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This collection reviews fundamental concepts underlying the use of concise models for signal processing. Topics are presented from a geometric perspective and include low-dimensional linear, sparse, and manifold-based signal models, approximation, compression, dimensionality reduction, and Compressed Sensing.

Transform coding

In Nonlinear Approximation from Approximation , we measured the quality of a dictionary in terms of its K -term approximations to signals drawn from some class. One reason that such approximations are desirableis that they provide concise descriptions of the signal that can be easily stored, processed, etc. There is even speculation andevidence that neurons in the human visual system may use sparse coding to represent a scene [link] .

For data compression, conciseness is often exploited in a popular technique known as transform coding . Given a signal f (for which a concise description may not be readily apparent in itsnative domain), the idea is simply to use the dictionary Ψ to transform f to its coefficients α , which can then be efficiently and easily described. As discussed above, perhaps thesimplest strategy for summarizing a sparse α is simply to threshold, keeping the K largest coefficients and discarding the rest. A simple encoder would then just encode thepositions and quantized values of these K coefficients.

Metric entropy

Suppose f is a function and let f R ^ be an approximation to f encoded using R bits. To evaluate the quality of a coding strategy, it is common to consider the asymptotic rate-distortion (R-D) performance, which measures the decay rate of f - f R ^ L p as R . The metric entropy   [link] for a class F gives the best decay rate that can be achieved uniformly over all functions f F . We note that this is a true measure for the complexity of a class and is tied to noparticular dictionary or encoding strategy. The metric entropy also has a very geometric interpretation, as it relates to thesmallest radius possible for a covering of 2 R balls over the set F .

Metric entropies are known for certain signal classes. For example, the results of Clements  [link] (extending those of Kolmogorov and Tihomirov  [link] ) regarding metric entropy give bounds on the optimal achievable asymptoticrate-distortion performance for D -dimensional C H -smooth functions f (see also [link] ):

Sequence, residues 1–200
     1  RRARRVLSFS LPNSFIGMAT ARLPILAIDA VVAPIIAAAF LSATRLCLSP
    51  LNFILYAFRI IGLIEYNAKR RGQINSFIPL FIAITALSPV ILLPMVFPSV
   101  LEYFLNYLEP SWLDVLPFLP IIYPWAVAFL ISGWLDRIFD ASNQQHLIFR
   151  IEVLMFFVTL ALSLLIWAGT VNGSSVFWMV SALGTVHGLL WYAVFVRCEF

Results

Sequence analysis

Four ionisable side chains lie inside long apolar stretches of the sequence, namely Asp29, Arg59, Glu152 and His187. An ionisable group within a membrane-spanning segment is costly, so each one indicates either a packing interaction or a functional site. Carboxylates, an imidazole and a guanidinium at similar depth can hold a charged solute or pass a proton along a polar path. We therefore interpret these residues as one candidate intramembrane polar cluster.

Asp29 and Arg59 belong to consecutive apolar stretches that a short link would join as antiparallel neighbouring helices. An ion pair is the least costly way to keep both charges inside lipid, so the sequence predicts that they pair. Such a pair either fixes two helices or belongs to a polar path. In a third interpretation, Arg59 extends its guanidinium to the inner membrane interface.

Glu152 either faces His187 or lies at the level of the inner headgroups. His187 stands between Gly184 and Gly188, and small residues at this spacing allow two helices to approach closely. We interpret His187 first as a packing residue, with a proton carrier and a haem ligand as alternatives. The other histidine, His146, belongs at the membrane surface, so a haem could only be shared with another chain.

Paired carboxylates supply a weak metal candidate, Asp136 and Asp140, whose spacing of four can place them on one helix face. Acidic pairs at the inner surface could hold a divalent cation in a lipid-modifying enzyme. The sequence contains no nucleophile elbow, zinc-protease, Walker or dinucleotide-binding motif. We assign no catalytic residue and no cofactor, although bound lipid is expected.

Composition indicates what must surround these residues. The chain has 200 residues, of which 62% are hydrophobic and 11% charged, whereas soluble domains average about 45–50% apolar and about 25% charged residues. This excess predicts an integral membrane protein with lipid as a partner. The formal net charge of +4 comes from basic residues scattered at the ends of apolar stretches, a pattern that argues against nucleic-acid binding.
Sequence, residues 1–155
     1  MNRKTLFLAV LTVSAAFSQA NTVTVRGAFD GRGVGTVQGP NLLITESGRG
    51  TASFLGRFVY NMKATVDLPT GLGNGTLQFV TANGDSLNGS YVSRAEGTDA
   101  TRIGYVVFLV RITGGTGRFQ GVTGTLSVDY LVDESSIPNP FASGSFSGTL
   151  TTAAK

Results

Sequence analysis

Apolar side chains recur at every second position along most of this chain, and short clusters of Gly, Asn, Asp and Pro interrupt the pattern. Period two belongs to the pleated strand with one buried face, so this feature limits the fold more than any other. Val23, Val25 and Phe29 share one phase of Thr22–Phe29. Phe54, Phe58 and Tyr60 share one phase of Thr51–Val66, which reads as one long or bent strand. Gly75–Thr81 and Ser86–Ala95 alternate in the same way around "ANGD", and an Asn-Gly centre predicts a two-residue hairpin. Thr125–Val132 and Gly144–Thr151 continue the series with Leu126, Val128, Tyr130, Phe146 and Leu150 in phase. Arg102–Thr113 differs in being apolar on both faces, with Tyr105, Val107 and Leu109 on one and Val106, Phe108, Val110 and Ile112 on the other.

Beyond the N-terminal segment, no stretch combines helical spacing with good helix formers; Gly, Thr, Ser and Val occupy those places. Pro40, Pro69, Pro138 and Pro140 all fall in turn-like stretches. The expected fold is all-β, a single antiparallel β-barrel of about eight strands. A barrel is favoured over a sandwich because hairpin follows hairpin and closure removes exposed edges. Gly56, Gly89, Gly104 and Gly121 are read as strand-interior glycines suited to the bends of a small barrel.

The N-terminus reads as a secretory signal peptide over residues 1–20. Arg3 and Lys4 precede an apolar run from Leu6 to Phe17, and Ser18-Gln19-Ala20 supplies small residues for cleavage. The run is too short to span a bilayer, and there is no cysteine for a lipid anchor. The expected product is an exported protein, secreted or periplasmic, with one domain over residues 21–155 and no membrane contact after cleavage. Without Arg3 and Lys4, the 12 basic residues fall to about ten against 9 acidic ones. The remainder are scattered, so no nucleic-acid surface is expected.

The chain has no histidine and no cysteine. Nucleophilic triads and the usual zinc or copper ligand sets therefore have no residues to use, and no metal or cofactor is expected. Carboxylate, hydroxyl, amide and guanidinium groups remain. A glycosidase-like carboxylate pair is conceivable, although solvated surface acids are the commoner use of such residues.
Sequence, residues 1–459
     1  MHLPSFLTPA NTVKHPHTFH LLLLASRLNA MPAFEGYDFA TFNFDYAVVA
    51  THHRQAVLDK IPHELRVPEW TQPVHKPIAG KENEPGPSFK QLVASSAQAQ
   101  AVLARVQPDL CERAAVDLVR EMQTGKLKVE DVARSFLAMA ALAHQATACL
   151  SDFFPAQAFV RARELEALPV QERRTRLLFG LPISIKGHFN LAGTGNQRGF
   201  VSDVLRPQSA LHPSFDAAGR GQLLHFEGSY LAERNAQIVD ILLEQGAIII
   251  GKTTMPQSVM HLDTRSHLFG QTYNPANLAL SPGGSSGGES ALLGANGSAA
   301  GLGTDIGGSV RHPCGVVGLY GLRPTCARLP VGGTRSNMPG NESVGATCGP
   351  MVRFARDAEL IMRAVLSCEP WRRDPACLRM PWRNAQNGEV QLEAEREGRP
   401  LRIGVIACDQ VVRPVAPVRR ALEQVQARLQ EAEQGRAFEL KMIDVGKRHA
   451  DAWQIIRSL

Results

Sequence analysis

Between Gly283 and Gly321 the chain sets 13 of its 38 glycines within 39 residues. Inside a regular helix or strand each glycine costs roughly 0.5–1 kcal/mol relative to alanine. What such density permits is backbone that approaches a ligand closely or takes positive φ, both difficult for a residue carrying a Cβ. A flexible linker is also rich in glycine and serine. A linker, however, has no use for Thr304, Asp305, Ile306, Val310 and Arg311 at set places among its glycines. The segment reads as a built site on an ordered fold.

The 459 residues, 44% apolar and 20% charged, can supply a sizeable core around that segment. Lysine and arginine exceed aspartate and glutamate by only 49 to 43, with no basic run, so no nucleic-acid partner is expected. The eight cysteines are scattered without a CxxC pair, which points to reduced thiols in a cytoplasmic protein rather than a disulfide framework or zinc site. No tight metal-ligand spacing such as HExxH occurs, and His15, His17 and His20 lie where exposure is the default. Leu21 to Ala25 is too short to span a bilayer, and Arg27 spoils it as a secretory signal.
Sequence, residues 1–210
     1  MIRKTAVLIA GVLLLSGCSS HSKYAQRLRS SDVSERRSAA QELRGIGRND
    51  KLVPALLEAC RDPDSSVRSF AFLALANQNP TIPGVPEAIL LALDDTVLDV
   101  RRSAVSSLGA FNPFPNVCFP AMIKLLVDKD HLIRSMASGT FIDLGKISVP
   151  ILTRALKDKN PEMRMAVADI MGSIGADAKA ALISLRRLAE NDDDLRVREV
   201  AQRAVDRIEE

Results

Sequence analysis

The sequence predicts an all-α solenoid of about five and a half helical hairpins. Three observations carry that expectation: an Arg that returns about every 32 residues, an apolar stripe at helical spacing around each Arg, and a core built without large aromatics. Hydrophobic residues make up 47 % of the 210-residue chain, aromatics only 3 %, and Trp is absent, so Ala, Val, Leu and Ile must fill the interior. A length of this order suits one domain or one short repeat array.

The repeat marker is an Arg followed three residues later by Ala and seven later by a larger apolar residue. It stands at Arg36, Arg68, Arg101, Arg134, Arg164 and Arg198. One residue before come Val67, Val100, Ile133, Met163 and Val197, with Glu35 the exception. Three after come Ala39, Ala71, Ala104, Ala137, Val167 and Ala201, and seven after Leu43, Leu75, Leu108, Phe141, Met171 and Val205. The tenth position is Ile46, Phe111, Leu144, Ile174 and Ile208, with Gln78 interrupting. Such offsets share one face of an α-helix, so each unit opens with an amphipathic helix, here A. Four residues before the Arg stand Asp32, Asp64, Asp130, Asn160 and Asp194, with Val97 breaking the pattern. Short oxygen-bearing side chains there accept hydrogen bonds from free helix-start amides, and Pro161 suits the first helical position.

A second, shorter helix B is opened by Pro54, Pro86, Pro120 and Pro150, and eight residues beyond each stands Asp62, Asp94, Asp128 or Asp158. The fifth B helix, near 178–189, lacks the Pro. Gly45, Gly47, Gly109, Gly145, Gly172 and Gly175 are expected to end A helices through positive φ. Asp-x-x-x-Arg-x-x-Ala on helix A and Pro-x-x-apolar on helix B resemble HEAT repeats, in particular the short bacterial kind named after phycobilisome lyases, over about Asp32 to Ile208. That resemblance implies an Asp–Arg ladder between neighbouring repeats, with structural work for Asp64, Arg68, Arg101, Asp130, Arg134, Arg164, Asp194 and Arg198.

f - f R ^ L p 1 R H D .
Rate-distortion performance measures the complexity of a representation and encoding strategy. In the case of transformcoding, for example, R-D results account for the bits required to encode both the values of the significant coefficients and their locations. Nonetheless, in many cases transform coding is indeed an effective strategy for encoding signals that have sparserepresentations  [link] . For example, in  [link] Cohen et al. propose a wavelet-domain coder that uses a connected-tree structure to efficiently encode the positions ofthe significant coefficients and prove that this encoding strategy achieves the optimal rate
f - f R ^ L p 1 R H D .

Compression of piecewise smooth images

In some cases, however, the sparsity of the wavelet transform may not reflect the true underlying structure of a signal. Examplesare 2-D piecewise smooth signals with a smooth edge discontinuity separating the smooth regions. As we discussed in Nonlinear Approximation from Approximation , wavelets fail to sparsely represent these functions, and so the R-D performance for simplethresholding-based coders will suffer as well. In spite of all of the benefits of wavelet representations for signal processing (lowcomputational complexity, tree structure, sparse approximations for smooth signals), this failure to efficiently represent edgesis a significant drawback. In many images, edges carry some of the most prominent and important information [link] , and so it is desirable to have a representation well-suited tocompressing edges in images.